Hold yourself accountable by openly admitting when you're wrong. At BambooHR, we understand that mistakes happen and can be learning opportunities. If a big mistake is made, employees hold themselves accountable by sending an "Oops Email" to the team detailing what went wrong and what was learned. The employee isn't criticized (coworkers often chime in with support and stories of their own mistakes), and everyone learns that accountability is revered, not reviled.

Hold others accountable and expect, especially as a leader, that employees will also hold you accountable. So, for example, employees hold me accountable to tell them if they have leftover lunch stuck in their teeth, and they're all accountable for letting me know when I do. (I jokingly implemented this accountability rule after attending a meeting with broccoli in my teeth.) And a more-professional smile isn't the only accountability benefit. Studies show holding people accountable improves performance, feelings of competency, creativity, and satisfaction.

Accountability can be uncomfortable because work hasn't traditionally been a safe place to make mistakes. When you hold yourself and others responsible, you set an example and create a culture where employees feel safe owning and learning from their own mistakes.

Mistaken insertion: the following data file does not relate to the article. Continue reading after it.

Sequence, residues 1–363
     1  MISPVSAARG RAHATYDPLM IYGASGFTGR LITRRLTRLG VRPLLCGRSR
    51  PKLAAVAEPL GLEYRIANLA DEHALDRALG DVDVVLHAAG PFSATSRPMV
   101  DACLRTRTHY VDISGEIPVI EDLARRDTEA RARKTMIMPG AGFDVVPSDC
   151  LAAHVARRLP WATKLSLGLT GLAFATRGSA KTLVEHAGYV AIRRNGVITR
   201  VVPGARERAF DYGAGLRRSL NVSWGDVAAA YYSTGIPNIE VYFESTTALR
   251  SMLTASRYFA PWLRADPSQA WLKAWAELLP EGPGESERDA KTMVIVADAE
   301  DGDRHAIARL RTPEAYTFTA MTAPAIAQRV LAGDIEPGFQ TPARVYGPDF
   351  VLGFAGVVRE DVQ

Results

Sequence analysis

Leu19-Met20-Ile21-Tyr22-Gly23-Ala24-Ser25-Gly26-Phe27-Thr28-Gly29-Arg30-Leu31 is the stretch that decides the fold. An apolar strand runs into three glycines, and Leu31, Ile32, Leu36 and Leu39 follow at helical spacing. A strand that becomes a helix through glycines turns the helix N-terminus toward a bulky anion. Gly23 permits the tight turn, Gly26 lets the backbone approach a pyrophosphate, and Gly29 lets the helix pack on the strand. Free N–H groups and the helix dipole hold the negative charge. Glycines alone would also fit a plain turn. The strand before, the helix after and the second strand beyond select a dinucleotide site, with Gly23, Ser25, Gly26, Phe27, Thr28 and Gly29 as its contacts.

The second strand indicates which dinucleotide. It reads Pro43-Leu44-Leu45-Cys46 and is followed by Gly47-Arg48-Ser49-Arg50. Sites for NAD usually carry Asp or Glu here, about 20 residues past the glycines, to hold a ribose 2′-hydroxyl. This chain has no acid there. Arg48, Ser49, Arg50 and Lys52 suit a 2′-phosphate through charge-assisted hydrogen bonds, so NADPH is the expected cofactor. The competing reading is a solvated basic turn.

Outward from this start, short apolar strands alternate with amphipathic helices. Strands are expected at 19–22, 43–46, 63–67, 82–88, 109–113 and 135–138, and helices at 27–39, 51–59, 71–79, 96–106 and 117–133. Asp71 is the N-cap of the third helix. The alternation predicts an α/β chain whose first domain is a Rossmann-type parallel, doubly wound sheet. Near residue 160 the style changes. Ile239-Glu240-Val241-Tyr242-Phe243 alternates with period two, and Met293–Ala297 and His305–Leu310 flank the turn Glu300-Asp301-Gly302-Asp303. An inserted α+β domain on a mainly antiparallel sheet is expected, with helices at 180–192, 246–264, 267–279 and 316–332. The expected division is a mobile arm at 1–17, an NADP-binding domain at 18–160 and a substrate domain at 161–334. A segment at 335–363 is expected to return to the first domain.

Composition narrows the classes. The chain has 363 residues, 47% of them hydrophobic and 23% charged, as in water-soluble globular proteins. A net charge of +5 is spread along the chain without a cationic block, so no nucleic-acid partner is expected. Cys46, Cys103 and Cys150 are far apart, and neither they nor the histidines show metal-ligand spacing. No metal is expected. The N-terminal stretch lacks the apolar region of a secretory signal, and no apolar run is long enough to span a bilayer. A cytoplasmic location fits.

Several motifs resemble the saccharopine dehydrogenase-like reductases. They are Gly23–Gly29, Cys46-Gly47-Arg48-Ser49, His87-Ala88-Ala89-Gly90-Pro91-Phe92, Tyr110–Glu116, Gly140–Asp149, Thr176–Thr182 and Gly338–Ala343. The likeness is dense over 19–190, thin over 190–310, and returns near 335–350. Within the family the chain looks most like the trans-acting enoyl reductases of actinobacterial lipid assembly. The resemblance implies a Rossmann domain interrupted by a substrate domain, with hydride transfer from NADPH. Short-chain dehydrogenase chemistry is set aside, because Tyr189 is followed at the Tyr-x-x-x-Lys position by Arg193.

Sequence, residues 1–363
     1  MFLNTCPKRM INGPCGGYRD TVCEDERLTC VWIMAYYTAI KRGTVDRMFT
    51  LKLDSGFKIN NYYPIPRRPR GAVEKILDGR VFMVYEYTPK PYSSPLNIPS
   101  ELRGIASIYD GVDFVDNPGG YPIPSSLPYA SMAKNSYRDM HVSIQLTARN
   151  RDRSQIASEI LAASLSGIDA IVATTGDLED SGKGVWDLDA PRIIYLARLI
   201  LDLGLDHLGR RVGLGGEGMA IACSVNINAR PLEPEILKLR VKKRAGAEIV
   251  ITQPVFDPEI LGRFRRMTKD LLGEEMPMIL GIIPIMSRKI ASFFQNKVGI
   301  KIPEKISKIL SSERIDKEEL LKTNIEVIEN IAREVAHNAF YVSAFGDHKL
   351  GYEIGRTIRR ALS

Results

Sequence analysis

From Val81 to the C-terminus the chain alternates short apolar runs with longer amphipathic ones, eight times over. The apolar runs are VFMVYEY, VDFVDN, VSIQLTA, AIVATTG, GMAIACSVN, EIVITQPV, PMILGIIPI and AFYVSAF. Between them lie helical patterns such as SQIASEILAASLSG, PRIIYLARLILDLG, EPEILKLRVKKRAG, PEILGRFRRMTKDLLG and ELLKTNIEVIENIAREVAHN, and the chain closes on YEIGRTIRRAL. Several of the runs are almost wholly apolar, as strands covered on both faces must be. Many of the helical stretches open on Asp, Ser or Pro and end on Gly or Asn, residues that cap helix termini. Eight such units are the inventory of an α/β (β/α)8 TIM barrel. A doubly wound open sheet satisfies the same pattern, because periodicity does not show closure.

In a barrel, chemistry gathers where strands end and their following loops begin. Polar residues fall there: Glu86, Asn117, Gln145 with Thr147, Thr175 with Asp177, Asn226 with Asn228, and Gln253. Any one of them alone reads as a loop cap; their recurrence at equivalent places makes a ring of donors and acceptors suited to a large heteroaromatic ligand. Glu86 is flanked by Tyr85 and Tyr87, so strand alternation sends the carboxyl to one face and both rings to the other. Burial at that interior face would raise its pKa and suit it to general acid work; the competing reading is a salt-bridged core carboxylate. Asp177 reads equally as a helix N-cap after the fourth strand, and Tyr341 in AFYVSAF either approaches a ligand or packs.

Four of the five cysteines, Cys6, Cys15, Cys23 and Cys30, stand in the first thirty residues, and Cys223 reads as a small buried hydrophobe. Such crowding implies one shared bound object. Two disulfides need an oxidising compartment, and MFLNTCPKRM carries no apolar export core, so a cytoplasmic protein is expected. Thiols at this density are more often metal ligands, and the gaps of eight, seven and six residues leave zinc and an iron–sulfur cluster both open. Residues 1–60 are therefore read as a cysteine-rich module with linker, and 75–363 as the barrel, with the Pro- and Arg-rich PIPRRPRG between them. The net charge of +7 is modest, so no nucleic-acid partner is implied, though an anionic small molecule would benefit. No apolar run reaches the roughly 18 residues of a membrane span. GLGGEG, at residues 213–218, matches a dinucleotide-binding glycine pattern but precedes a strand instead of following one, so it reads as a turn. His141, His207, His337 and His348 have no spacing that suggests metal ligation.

Most of us have dealt with the boss, or coworker, who knows everything (or thinks they do, anyway). And it's not simply that they don't listen to feedback. The issue is when they refuse to see the truth, accept it, and change when needed--even when it's hard. I'm grateful to have learned from those know-it-all bosses and coworkers. Thanks to them, I understand that I don't know everything and, instead, surround myself with incredibly intelligent people who will tell me when I'm wrong, and we both expect that honesty to happen without holding back. We're not perfect at it, but we do always try to get better because in order to succeed, leaders and teams need to learn from each other continually.